Monday, September 03, 2018

Montana U.S. Senate- Race of the Day

64 Days Until Election Day

Montana U.S. Senate

Status: Democrat Incumbent
2016 Presidential Result: Red State (West)

Outlook: Tossup (D)

Here, we have another example of Democrats needing to play defense this cycle in terms of the U.S. Senate map. As energized as the opposition to Donald Trump might be, it will naturally be difficult for the party to make up the difference in a state that they lost by nearly 20 points in the last Presidential election. My hunch is that this could wind up the closest Senate race in the country.

Twice, Democrat Jon Tester has won election to the U.S. Senate without taking a majority of the vote. If he is to survive this year, the same will almost certainly be the case, with the Libertarian Party theoretically taking enough votes away from the GOP nominee to aid the Democrat incumbent. With that in mind, Republicans had hoped the presence of a Green Party nominee could counter that a bit on the left, but a judge has ruled that the nominee of the party did not file enough signatures to qualify for the ballot. Despite that, the frequent candidate is attempting to win write-in votes.

In 2006, a strong year for Democrats, Tester took 49 percent of the vote to oust a controversial GOP incumbent by one point. At the time, Tester had been President of the Montana Senate and a darling of left-wing "netroots" activists, as his anti-establishment candidacy was a top priority of blogs such as Daily Kos. After going to Washington, many of these groups would find themselves somewhat let down by the Senator's voting record, as he had to find a way to navigate the political realities of Big Sky Country, and cast some votes that differed from many of the liberal icons in the Senate.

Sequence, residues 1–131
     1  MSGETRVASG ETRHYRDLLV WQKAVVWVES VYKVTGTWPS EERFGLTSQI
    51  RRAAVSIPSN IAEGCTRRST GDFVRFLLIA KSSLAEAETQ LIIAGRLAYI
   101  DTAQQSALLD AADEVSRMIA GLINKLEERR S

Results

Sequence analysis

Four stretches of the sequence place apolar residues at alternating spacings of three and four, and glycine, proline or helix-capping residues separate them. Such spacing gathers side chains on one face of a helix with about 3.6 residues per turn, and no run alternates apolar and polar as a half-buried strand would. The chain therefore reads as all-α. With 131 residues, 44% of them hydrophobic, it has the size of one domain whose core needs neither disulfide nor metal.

When he sought reelection in 2012, Republicans were hopeful of beating Tester right up until the end, with the nomination of the state's at large Congressman, but Tester prevailed 49-45. The fact that the Libertarian nominee received 7 percent of the vote clearly indicates the race would have been much closer and quite possible yielded a different result without him.

As is the case with a handful of other Senators this year, Tester, as an incumbent, is clearly vulnerable, but at the same time, likely the only Democrat who would stand a decent chance of holding the seat for the party in this red state. In the long-run up to 2016, Republicans were looking to Ryan Zinke, then the state's at large Congressman, with a significant military background, to challenge Tester, but he instead was chosen by Donald Trump to become Secretary of the Interior. Other Republicans with statewide electoral experience such as Attorney General Tim Fox and Secretary of State Corey Stapleton also passed on the race.